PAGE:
Lindsay: Right, or maybe “I’ll take this,” (right), you, you, you say, “I’ll take this,” and then you grab the bill and you pull it towards, towards you.

Gabby: Yeah.

Lindsay: Right.

Gabby: “Don’t worry about it. Don’t worry about it.” (Right).

Lindsay: “I got it, don’t worry about it.”

Gabby: Yeah.

Lindsay: So there are a lot of ways you could make it clear that you wanna (want to) pay, but it’s not by saying “I invite you,” “I’d like to invite you.”

Gabby: Exactly.

Lindsay: And if we say, “I invite you,” it’s also not the greatest English either, just saying, “I invite you.”

Gabby: Yeah, that’s not real English. That might be a translation, like a direct translation from your native language as well. So you should say, “I’d like to invite you,” or just use a different phrase altogether like “Do you want to go out to dinner with me?” or “Do you wanna (want to) have dinner with me?” or, (um), “Would you like to have dinner?” “Would you like to eat something?” Right? (I mean)…

Lindsay: Yeah, “Wha-wha-what…” or “Why don’t we get dinner?”

Gabby: Yeah.

Gabby: “Why don’t we…?” Yeah, yeah. So there’s a lot of different ways to invite without even using the verb ‘to invite.’

Lindsay: Yeah, so just (bewa-), be aware of what you’re doing when you’re translating from your native language…

Gabby: Yeah.

Lindsay: …into English. And just remember, don’t get yourself in a, in a hole. Don’t, don’t get yourself in a corner there…

Gabby: Right.

Lindsay: …with people. Yeah.

Gabby: Right. Well, (uh), I just remembered, (um), lunch today. Actually, I, (uh), I remember a few different ways that my (co-wor-), co-workers or colleagues and I invite each other to go out for lunch. (Um), we say, “Hey, are you going… are you gonna (going to) get lunch?” Or, (you know), ar-are, “When are you going to get lunch? Are you going now?” And so, that’s a very indirect way to invite someone, but just by asking, “Hey, are you gonna (going to) get lunch?” that’s a good way to segue into an invitation, right?

Lindsay: Yeah.

Gabby: ‘Cause (because) I…

Lindsay: (I-), is that your native speaking colleagues or your…

Gabby: Yeah.

Lindsay: …Japanese colleagues?

Gabby: Native.

Lindsay: Okay.

Gabby: Native speakers say, “Hey, you gonna (going to) get lunch?” (Um), or “What time are you getting lunch?” Because honestly, it can feel like a little bit direct if just out of nowhere you walk up to someone and say, “Do you wanna (want to) get lunch?” Or, “I’d…”

Lindsay: Yeah.

Gabby: “…I’d like to invite you to lunch.” It’s like, “Oh, o-okay.” No warning or anything. So you might start with a question like, “Are you going to get lunch?” Or “Have you eaten yet?” Right?

Lindsay: Yeah. We like to be indirect ‘cause (because) we don’t like to be …

Gabby: Yeah.

Lindsay: …rejected. If you go up to someone and say, “Would you like to get lunch with me?”

Gabby: Yeah.

Lindsay: That’s very direct and they could say, “No, thanks.”

Gabby: Yeah. It’s, it’s very direct. (Um), another thing that happened – this is, this is regarding paying. So, a bunch of us in the office told one of the ladies in the office that we wanted to take her out for lunch, so we said – (you know), I don’t wanna (want to) say her name, but, (um), let’s just say – wha-what should her name be? (Um), ‘Jane’?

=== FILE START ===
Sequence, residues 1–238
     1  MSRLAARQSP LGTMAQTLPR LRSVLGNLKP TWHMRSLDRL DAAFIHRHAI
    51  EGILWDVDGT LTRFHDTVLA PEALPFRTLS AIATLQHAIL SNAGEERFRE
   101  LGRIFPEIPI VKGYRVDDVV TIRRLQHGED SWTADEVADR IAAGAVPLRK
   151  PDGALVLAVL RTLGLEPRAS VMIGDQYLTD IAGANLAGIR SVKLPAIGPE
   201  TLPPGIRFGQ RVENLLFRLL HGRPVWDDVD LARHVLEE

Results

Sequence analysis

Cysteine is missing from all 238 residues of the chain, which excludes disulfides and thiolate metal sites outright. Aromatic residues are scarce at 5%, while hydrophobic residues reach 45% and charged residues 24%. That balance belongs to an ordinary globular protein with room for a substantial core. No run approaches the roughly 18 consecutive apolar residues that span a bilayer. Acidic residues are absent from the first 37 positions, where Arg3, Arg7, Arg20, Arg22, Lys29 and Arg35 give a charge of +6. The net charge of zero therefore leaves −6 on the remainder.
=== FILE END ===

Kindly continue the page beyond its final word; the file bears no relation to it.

Lindsay: Sure.

Gabby: Okay.

Lindsay: ‘Jane’ is perfect.

Gabby: So, ‘Jane’, we said, (um), “’Jane we want to take you out to lunch.” So that’s another phrase, actually, that I don’t think we’ve said yet. (You know)…

Lindsay: Right.

Gabby: “I, I wanna (want to) take you out to lunch.” So take you out implies that you’re going to pay, right?

Lindsay: Right, right.

Gabby: So, we did. We took ‘Jane’ out to lunch and then when the bill came, ‘Jane’ took the bill…

Lindsay: Oh.

Gabby: …and paid for everyone.

Lindsay: Oh, my god. Scandalous.

Gabby: Well, (you know), it was really nice of her, but it was kind of awkward because we really wanted to pay for her and she didn’t let us. So…

Lindsay: Wow.

Gabby: …I think this can be a complicated issue sometimes, (like), culturally, who pays for the bill, (you know).

Lindsay: Yeah. And sometimes it, it really depends on the situation, depends on your relationship with the person. But sometimes, it’s…

Gabby: Yeah.

Lindsay: …better just to accept. If someone wants to pay for you, just say “Thanks, (you know), I’ll get it next time.”

Gabby: Right.

Lindsay: Or, “I really… Thanks. I really appreciate that. That’s really nice of you.”

Gabby: Right. And I think that’s the American point-of-view and I agree. I don’t know if there’s a different way of thinking in other cultures, but maybe, maybe you guys can let us know. You can send us a message, an email, a message on Facebook, (uh), (you know), comment on the blog. Let us know how you deal with (um), (you know), paying for the bill.

Lindsay: Yeah, okay. Thanks guys.

[Instrumental]

Lindsay: If you wanna (want to) put your ears into English more often, be sure to subscribe to our podcast in iTunes on your computer or on your smartphone. Thanks so much for listening and see you next time